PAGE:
Growing vegetables vertically on trellises and other supports has never been more popular. The reasons are obvious. First, it allows you to grow more vegetables in less space. Second, it gets vegetables off the ground where they are less susceptible to soil-born pests, foliage pests are more visible, and fruits like cucumbers and tomatoes are easier to pick. (Spotting pests early can allow you a head start on control measures). Third, trellises add structure and order to the garden, giving it a more architectural, layered feel. And lastly, growing vegetables vertically is easy.

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Trellis Materials

Most nurseries sell prefabricated wooden trellises as well as some materials, such as stakes, posts, string, and lattice, that customers can use to build their own. But if you want to build your own, you may need to visit a hardware store for some additional components, such as nails and hinges. 

Building your own trellis is not difficult and can be very creative. It may be as simple as tying some bamboo stakes together to create a teepee-like structure for growing beans. Portable, A-frame trellises are easy to make by constructing square frames from 2x2 inch redwood posts, securing the corners with metal braces, and connecting one side with appropriate hinges. The support for the vegetables can be string, crosshatched and tied to small nails along the posts, for lighter vegetables like beans or peas. Netting or materials used for tomato cages also works. For heavier crops like melons or cucumbers, the support can be sturdier, made with metal fencing or concrete reinforcing wire anchored to the frame with u-shaped nails. If you use metal, the mesh should wide enough to put your hand through for easy picking and so the vegetables don’t get caught in the mesh and grow misshapen.

Vertical trellises can be attached to the sides of raised beds or supported by posts anchored in the ground. Some lattice fencing can double as a trellis.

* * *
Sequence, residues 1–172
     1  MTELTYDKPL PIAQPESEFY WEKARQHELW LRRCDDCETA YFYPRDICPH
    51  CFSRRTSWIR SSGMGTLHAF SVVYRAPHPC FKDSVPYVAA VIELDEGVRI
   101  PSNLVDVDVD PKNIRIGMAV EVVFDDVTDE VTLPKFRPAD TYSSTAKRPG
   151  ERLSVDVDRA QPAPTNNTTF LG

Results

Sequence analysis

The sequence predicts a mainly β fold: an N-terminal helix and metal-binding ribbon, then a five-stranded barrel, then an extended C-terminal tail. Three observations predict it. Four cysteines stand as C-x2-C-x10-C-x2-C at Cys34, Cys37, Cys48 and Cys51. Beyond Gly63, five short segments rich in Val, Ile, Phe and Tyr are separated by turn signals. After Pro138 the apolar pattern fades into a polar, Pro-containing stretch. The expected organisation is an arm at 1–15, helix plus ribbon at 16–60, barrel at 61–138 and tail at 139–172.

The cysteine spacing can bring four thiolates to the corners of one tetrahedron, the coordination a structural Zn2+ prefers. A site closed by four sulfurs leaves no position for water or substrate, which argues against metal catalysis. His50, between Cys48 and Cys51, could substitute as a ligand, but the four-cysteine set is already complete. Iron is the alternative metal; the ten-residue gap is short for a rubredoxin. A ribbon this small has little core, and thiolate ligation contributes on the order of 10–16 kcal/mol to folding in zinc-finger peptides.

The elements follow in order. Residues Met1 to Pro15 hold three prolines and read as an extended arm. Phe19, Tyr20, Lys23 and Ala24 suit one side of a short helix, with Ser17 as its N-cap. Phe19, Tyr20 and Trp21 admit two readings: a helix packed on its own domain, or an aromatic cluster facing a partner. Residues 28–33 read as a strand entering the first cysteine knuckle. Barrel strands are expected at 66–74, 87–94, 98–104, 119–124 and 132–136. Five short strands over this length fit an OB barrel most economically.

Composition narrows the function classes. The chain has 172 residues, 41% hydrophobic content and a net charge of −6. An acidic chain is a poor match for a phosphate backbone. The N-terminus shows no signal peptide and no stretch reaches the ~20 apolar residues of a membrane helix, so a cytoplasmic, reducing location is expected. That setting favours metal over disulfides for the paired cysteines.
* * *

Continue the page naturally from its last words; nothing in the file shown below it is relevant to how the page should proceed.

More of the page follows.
You can even go vertical when growing vegetables in pots. Large containers, like half barrels, can support teepees for beans, and A-frame trellises can be placed between two, long narrow, wooden boxes to support a variety of crops. 

Vegetables That Climb

The best vegetables for trellising are ones that climb or sprawl. Here are some favorites:

Beans. Lightweight, fast growing and wonderfully twining, pole beans are naturals for vertical gardening. They will easily climb over 6 feet high on string, netting or thin bamboo stakes as support. And there is a huge variety of types – both green and dried – to choose from. The teepee trellis, simply made by angling bamboo stakes and tying them off at the top, is a favorite for kids. Add colorful varieties, such as scarlet runner beans for even more fun.

Cucumbers. Both pickling and slicing cucumbers are perfect for A-frame trellises. The dangling fruit stays clean and straight, plus it’s easy to harvest. You can also use small wire cages or cylinders to trellis cucumbers in the ground or large pots (compact varieties are best). However, some gardeners prefer not to use metal supports with cucumbers because it may get too hot and burn tendrils or fruit.

Melons. Many types of melons, including cantaloupe and icebox watermelon, can be grown on sturdy A-frame trellises, but the heavy fruit will need a little extra support. Slipping sections of nylon stockings over the fruit when its small, tying a knot in one end and attaching the other end to the trellis is one to support melons. The nylon expands as the melon grows. Another option is to cut cloth cradles and tying each side to the trellis.

Peas. The delicate tendrils of peas will attach to any thin material, including twine, netting, bamboo and metal. Choose vigorous varieties, but even some of the more compact types are best grown on a trellis. For a little color and fragrance, suggest mixing in some sweet pea seeds.

Squash. We’re so used to bush varieties of zucchini, we forget that there are sprawling varieties as well. Although the seeds may be hard to find, look for varieties like the heirloom ‘Trombocino’ or newer ‘Black Hawk’. Miniature pumpkins can be grown on a trellis, but most winter squash is best left to grow the ground.

Tomatoes. Not truly climbing like the other vegetables here so more tying will be necessary, but indeterminate varieties need support of a wire cage, stake or other support, and this upright nature fits perfectly in vertical vegetable garden.

Other Tips

Think carefully about positioning trellises. Most A-frames should be tilted toward the south.  They should also make sure that as plants mature, they don’t shade nearby plantings.

All trellises should be securely anchored so as plants fill the space, they don’t blow over in strong winds.

Young seedling may need help attaching to a trellis.

Untreated, biodegradable twine makes cleanup easier in the fall. It can be cut and composted along with the spent plants rather than having to untangle everything.

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